Integrating home-based exercise training with a hospital at home service for patients hospitalised with acute exacerbations of COPD: developing the model using accelerated experience-based co-design. International Journal of COPD

Ruth E. Barker, Lisa Jane Brighton, Matthew Maddocks, Claire M. Nolan, Suhani Patel, Jessica A. Walsh, Oliver Polgar, Jenni Wenneberg, Samantha S. C. Kon, Jadwiga A. Wedzicha, William D.-C. Man, Morag Farquhar

Research output: Contribution to journalArticlepeer-review

9 Citations (Scopus)
10 Downloads (Pure)


Background: Hospital at home (HaH) schemes allow early discharge of patients hospitalised with an acute exacerbation of chronic obstructive pulmonary disease (AECOPD). Traditional outpatient pulmonary rehabilitation (PR) following an AECOPD has an established evidence-base, but there are issues with low referral, uptake and completion. One commonly cited barrier to PR post-hospitalisation relates to poor accessibility. To address this, the aim of this project was to enrol service users (patients with COPD and informal carers) and healthcare professionals to co-design a model of care that integrates home-based exercise training within a HaH scheme for patients discharged from hospital following AECOPD.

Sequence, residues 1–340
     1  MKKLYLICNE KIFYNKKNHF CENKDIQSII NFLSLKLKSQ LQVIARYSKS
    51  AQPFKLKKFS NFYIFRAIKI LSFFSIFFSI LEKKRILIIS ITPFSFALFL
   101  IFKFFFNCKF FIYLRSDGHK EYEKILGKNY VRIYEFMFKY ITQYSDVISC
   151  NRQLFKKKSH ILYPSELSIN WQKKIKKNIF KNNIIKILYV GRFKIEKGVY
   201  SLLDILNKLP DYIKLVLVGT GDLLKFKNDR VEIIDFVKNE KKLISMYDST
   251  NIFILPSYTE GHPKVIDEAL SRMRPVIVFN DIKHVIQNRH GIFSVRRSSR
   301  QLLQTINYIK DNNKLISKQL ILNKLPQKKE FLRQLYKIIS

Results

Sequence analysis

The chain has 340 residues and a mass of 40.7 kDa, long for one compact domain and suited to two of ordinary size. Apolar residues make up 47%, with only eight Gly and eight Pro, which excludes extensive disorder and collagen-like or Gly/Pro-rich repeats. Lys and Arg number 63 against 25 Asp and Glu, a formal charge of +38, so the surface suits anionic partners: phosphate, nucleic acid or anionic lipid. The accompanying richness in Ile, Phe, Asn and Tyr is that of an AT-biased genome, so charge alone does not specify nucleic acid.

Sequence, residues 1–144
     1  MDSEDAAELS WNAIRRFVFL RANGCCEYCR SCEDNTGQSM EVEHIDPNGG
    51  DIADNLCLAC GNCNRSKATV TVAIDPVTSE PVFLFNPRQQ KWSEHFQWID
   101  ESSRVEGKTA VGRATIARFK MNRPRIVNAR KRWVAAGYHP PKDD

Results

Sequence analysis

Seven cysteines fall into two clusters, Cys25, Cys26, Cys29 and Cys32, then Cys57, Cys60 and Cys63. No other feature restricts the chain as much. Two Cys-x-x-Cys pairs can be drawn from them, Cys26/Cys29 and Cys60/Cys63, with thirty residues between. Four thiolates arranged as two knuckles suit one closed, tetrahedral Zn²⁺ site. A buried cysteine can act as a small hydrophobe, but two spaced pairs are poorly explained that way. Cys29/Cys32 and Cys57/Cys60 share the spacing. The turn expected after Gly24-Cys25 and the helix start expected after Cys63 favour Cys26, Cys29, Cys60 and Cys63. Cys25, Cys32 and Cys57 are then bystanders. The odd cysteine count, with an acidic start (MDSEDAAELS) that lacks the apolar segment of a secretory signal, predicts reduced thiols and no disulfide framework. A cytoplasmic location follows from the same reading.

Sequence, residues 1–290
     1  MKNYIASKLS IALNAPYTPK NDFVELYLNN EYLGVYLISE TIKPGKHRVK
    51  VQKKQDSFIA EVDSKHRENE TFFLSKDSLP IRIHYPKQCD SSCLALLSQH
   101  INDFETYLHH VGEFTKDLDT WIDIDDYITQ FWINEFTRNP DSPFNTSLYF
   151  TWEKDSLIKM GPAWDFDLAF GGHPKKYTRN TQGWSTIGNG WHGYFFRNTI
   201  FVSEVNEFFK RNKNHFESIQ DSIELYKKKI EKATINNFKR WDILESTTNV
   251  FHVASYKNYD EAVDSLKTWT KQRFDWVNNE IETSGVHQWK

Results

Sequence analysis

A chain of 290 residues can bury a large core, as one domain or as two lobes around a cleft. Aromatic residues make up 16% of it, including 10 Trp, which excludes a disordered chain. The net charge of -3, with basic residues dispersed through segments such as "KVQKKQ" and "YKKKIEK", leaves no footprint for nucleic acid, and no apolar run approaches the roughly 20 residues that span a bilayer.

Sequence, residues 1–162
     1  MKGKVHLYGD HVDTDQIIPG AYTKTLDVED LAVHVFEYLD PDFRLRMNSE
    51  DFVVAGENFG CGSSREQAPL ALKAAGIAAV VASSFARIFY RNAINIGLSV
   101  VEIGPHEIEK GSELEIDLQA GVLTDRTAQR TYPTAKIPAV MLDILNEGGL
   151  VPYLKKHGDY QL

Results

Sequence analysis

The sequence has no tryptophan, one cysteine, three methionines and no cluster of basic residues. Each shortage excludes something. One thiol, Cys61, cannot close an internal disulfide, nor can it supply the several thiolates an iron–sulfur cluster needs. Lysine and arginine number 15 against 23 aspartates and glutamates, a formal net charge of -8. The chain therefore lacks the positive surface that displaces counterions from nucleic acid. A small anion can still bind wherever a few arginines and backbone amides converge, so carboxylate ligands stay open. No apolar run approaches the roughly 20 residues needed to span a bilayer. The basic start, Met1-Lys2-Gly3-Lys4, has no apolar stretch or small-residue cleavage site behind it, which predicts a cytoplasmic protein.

Methods: This accelerated experience-based co-design project included three audio-recorded stakeholder feedback events, using key “touchpoints” from previous qualitative interviews and a recent systematic review. Audio-recordings were inductively analysed using directed content analysis. An integrated model of care was then developed and finalised through two co-design groups, with the decision-making process facilitated by the tables of changes approach.
Results: Seven patients with COPD, two informal carers and nine healthcare professionals (from an existing outpatient PR service and HaH scheme) participated in the stakeholder feedback events. Four key themes were identified: 1) individualisation, 2) progression and transition, 3) continuity between services, and 4) communication between stakeholders. Two patients with COPD, one informal carer and three healthcare professionals participated in the first joint co-design group, with five healthcare professionals attending a second co-design group. These achieved a consensus on the integrated model of care. The agreed model comprised face-to-face supervised, individually tailored home-based exercise training one to three times a week, delivered during HaH scheme visits where possible by a healthcare professional competent to provide both home-based exercise training and usual HaH care.
Conclusion: An integrated model of care has been co-designed by patients with COPD, informal carers and healthcare professionals to address low uptake and completion of PR following AECOPD. The co-designed model of care has now been integrated within a well-established HaH scheme.
Original languageEnglish
Pages (from-to)1035-1049
Number of pages15
JournalInternational Journal of Chronic Obstructive Pulmonary Disease
Publication statusPublished - 19 Apr 2021


  • COPD
  • co-design
  • exacerbations
  • exercise training
  • integrated care
  • rehabilitation

Cite this